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Weekly Gardening Thread 2011 (Vol. 37) September 23
Free Republic | 9-23-2011 | Red_Devil 232

Posted on 09/23/2011 7:28:24 AM PDT by Red_Devil 232

Good morning gardeners. I am getting a late start posting the thread this morning. Cleaned up my garden plot and will be tilling in some of my compost and wheat straw when the soil dries out a little more. I put a bail of straw around the base of my Fig trees in the hopes the straw will help them through the winter.

If you are a gardener or you are just starting out and are in need of advice or just encouragement please feel free to join in and enjoy the friendly discussion. Our Freeper community is full of gardeners, each with varying interests and skill levels from Master Gardener to novice.

I hope all your gardens did well this year.


TOPICS: Agriculture; Food; Gardening; Hobbies
KEYWORDS: garden; gardening; recipes; weekly
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Weekly Gardening Thread

gardeningtools_Full-1.jpg picture by wjb123


1 posted on 09/23/2011 7:28:26 AM PDT by Red_Devil 232
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To: Diana in Wisconsin; gardengirl; girlangler; SunkenCiv; HungarianGypsy; Gabz; billhilly; Alkhin; ...
Ping to the Weekly Gardening Ping List.

I hope all of you will stop by.

This is typically a low volume ping list. Once a week for the thread and every once in a while for other FR threads posted that might be of interest.

If you would like to be added to or removed from the list please let me know by FreepMail or by posting to me.

2 posted on 09/23/2011 7:29:56 AM PDT by Red_Devil 232 (VietVet - USMC All Ready On The Right? All Ready On The Left? All Ready On The Firing Line!)
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To: Red_Devil 232

Anyone have any experience with the “Lead Tree”?
(leucaena leucocephala)

It’s a legume nitrogen fixer that makes for good forage material.

Just wondering if anyone here has some growing about.


3 posted on 09/23/2011 7:34:59 AM PDT by MrB (The difference between a Humanist and a Satanist - the latter knows whom he's working for)
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To: Red_Devil 232

Irene took my garden out. Just as the corn was starting to mature. I have a few tomatoes still producing, but my pole beans didn’t produce much. I’ll leave them in till Spring. From what I understand they release nitrogen back into the soil only after the plant dies.

Two poor years in a row for my garden. Last summer had too much rain at all the wrong times, then this year the tropical storm whipped my plants to pieces.


4 posted on 09/23/2011 7:39:16 AM PDT by Betis70 (Bruins!)
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To: Red_Devil 232

We still are deep into the harvest phase of gardening here in teh PNW. Tomatoes and corn are going strong, pears and peaches and late raspberries are ripening nicely.

Garden cleanup in the flowerbeds will begin soon. I do have one bed that won’t be a problem. It’s my own form of maintaining my sanity in the garden. I smile whenever I visit this bed. I invite you to take a peek too and if you have further suggestions, I’d appreciate them.

http://home-and-garden.webshots.com/album/580822259BmprZp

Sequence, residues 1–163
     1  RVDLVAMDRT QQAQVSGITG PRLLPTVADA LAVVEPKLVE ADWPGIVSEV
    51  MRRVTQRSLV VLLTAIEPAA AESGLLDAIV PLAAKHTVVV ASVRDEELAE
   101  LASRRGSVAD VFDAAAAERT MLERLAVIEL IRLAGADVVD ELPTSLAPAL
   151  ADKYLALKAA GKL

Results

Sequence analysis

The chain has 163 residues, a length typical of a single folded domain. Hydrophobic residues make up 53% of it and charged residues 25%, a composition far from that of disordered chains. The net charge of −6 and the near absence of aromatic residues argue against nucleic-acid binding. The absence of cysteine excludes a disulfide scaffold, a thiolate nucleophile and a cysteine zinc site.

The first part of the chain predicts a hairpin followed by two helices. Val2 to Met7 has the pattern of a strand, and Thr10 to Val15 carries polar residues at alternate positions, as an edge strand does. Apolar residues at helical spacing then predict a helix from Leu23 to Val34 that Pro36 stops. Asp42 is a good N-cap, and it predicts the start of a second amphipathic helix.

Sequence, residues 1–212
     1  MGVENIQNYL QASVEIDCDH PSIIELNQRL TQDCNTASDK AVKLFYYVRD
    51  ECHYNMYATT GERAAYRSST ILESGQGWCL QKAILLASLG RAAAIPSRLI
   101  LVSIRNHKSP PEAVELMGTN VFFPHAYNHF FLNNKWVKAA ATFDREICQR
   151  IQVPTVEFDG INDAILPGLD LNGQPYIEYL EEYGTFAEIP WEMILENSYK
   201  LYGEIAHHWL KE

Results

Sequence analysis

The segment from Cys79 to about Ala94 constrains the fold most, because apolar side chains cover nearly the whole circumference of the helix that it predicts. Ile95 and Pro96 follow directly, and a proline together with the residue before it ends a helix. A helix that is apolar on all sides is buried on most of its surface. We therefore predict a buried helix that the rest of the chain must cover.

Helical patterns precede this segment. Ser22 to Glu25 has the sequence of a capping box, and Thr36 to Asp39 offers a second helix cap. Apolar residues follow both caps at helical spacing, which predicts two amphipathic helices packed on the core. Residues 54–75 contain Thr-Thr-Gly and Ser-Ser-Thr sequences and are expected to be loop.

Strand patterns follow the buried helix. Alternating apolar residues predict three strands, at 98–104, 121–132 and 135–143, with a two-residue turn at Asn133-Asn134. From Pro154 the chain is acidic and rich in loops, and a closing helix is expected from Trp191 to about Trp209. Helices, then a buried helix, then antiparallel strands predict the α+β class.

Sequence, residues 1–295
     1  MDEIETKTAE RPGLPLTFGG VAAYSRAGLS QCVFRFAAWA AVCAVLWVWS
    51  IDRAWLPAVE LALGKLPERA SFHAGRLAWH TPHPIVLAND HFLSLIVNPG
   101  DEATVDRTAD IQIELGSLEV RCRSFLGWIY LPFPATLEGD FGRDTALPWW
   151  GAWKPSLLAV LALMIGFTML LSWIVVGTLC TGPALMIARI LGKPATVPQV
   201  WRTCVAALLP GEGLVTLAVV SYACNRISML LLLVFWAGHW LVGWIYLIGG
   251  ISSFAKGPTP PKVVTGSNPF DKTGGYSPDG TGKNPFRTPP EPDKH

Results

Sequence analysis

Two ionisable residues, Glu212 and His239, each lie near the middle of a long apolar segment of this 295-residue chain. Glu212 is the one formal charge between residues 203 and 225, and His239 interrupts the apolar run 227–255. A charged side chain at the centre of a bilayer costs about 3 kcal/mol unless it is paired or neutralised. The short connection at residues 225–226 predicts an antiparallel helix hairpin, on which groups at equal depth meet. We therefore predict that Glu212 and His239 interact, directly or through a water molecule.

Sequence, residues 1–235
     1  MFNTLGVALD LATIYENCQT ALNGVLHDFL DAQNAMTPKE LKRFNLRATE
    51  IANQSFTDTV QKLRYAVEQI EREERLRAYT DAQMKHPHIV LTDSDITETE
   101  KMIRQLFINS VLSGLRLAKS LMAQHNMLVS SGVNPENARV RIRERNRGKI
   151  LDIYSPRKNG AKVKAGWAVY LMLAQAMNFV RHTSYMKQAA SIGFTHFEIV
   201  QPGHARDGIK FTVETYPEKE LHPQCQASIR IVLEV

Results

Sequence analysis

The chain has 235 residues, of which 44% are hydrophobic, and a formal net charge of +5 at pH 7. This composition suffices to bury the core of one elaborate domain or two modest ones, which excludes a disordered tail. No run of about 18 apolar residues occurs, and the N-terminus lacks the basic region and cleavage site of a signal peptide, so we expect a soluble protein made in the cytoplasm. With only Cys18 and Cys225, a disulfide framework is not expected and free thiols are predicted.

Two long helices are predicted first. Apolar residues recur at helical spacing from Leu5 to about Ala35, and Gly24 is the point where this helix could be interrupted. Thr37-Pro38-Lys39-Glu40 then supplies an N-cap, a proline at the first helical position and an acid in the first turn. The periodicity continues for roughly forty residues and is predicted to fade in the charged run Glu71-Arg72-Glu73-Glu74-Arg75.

5 posted on 09/23/2011 7:40:12 AM PDT by IM2MAD
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To: Red_Devil 232
Good Morning and Greetings from southern New Hampshire!

This Tuesday evening, I built a six-nest box for the chicken coop. I moved it in on Wednesday evening and the chickens were all over it, trying to decide if I had moved too much of their cheese. I posted a picture of it on my facebood accout, in the Chicken Codo album.

Our five Maran chicks are growing like weeds and Barb has moved them from the brooder to a large cage. I cut a couple of branches for perches and they are happily playing chicken astronaut.

I am finishing up my plans for the deck and roof between the kitchen door and the carport and for the Quonset shelter platform. I need to get them under construction and completed before the snow flies.

The leaves are starting to turn and I believe that today is the first day of Autumn.

6 posted on 09/23/2011 7:42:54 AM PDT by Redleg Duke ("Madison, Wisconsin is 30 square miles surrounded by reality.", L. S. Dryfus)
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To: IM2MAD

Very creative!!

Thanks for a chuckle.


7 posted on 09/23/2011 7:43:07 AM PDT by KosmicKitty (WARNING: Hormonally crazed woman ahead!!)
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To: Red_Devil 232

This afternoon we’ll be pickling 9 pints of sweet peppers (pepperoncinis), and a couple quarts of bell chunks w. garlic. So far the squash/pumpkin patch has yielded about 500lbs of goodness with about 300lbs still on the vine. Bambi got 50-75lbs so there will be a *penalty* for that consumption come deer season. Bad Bambi!

Still having to water although not as much since it’s cooled off some. Pepper plants are still loaded and producing like gangbusters. Tomatoes are hit and miss with that. Okra is still trying to put out and hopefully I’ll get around to seed saving on that some this week. We grew ‘Vidrine’s midget/dwarf cowhorn’ (baker creek) this year and were very pleased. Prepping to plant some fall stuff come the 27th.


8 posted on 09/23/2011 7:44:14 AM PDT by Black Agnes
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To: IM2MAD

We are also still producing tomatoes, squash, peppers and herbs in noth Idaho. Our heirloom tomatoes got a late start, but are coming on strong now. Out of six plants, my wife counted over 100 fruit....can hardly wait!